Thirteen Ways of Looking at CanLit, the new chapbook by Vancouver’s Poet Laureate Rachel Rose burns fiercely in its righteous fury at the unbridled misogyny, homophobia and racism that is quietly condoned in our literary community. Here, critical bigotry becomes a tool of analysis, a text in which Rachel Rose romps and riffs, deconstructs and decodes, simultaneously mocking those who install themselves as gatekeepers of the literary canon, while inviting them to reconsider what they might be missing by adherence to flawed ideologies.
Selected for BookThug’s Summer Chapbook season, this collection boldly looks at sexism in the writing community. Amy Loyst, an English Master’s student, and BookThug intern, recently sat down with Rachel to discuss her newest collection Thirteen Ways of Looking at CanLit.
Listen to Rachel Rose read an excerpt from Thirteen Ways of Looking at CanLit on the Books on the Radio soundcloud page here
AL: What inspired you to write this piece?
RR: I was motivated by a desire to change the way certain people think in our literary community. I have probably failed.
AL: Why did you want to have a Canadian presence in this collection? How has Canadian literature shaped you as a writer?
RR: Canada is my home, and of course the literature of this place shapes the way I think and write; it could not be otherwise.
AL: The Canadian influence is present in the title along with the number of sections your poetry is divided into; does that number have a special meaning for you? A lot of the sections varied in length and theme and I was wondering what inspired you to set it up that way.
RR: Well, I was referring to Wallace Stevens’ “Thirteen Ways of Looking at a Blackbird.” I needed many angles to look at the ways sexism, racist and homophobic attitudes affect our literary culture in Canada. Thirteen seemed like a good start. I love how the blackbird just keeps appearing in Stevens’ poems, in different images and different forms, and so too do these little bigotries keep appearing, keep calling out for attention.
AL: At the end of the piece you cite works that you have referenced in Thirteen Ways of Looking at CanLit, how did these other works influence your writing and how did you find incorporating them into your own piece?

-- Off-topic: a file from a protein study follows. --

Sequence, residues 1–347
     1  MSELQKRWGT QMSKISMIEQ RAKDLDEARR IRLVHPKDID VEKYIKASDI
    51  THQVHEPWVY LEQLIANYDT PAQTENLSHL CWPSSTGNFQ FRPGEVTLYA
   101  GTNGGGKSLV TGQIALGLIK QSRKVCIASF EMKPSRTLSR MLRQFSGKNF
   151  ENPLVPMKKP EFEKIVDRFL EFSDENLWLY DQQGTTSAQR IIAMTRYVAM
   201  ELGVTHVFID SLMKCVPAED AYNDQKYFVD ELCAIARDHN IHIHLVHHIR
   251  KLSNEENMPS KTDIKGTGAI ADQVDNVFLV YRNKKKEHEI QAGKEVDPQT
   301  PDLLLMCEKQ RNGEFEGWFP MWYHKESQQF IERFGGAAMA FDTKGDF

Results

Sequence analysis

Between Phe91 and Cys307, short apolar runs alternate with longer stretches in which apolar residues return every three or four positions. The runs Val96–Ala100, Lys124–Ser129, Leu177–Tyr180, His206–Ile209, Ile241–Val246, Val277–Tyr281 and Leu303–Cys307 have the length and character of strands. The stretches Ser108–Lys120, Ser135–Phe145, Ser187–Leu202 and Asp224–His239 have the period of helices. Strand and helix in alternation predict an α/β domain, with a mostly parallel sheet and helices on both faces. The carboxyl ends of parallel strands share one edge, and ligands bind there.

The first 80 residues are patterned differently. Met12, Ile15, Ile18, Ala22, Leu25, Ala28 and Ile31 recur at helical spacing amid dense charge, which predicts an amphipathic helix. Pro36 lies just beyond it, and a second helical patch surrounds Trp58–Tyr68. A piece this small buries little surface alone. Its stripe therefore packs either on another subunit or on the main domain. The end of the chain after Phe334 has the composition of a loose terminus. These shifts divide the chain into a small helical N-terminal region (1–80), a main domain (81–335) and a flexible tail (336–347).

RR: Much of my writing is a conversation with other texts, other bodies of work, as is true for most authors. Because this was a playful piece, a rant, I made the conversation explicit.
AL: Throughout this collection you explore a lot of sexual themes, what motivated you to look at sexuality in such an open way?
RR: Sexist comments are difficult to respond to, because the responses are also evaluated and discredited on the basis of sex: one is either shrill, or a bitch, or taking such attacks personally, which one is not allowed to do. The expected response is, of course, silence. I chose to be outrageous, to follow where the critics gestured, and then to go further than any decent woman writer would. It seemed to me sensible to riff on the subtext, which was all about sex.
Thirteen Ways of Looking at CanLit is available for purchase on its own here or as part of the Summer Chapbook Bundle.
Reviews and articles:
“Rose’s poems […] revel in a particular kind of seductive play that also pushes to explore, criticize and indict a level of complacency in Canadian poetry. We need more poems (and criticism) that call us on our shit.” – rob mclennan
Thinking Publicly: What We Can Learn from Sina Queyras and Lemon Hound, which features a discussion about Thirteen Ways of Looking at CanLit by Rachel Rose, by Domenica Martinello for The Town Crier
A post on the publication of Thirteen Ways of Looking at CanLit on Rachel’s blog can be read here.
Rachel Rose (http://rachelsprose.weebly.com/) is a dual American/Canadian citizen whose work has appeared in various journals in Canada, the U.S., New Zealand and Japan, including Poetry, The Malahat Review and The Best American Poetry, as well as numerous anthologies. Her most recent book, Song & Spectacle (2012) won the Audre Lorde Poetry Award in the U.S. and the Pat Lowther Award in Canada. She was the librettist for When The Sun Comes Out, Canada’s first lesbian opera, which grappled with fundamentalism and forbidden love. The opera premiered in Vancouver in 2013 and in Toronto in 2014. She is the winner of the Peterson Memorial Prize for poetry and the Bronwen Wallace award for fiction, and the recipient of a 2014 Pushcart Prize, and two nominations for a Pushcart 2015. She is the Poet Laureate of Vancouver for 2014-2017.
Amy Loyst is an avid reader and book lover from Pickering, Ontario. She holds a BAH in English Literature from Queen’s University and is currently completing her MA in the Literatures of Modernity at Ryerson.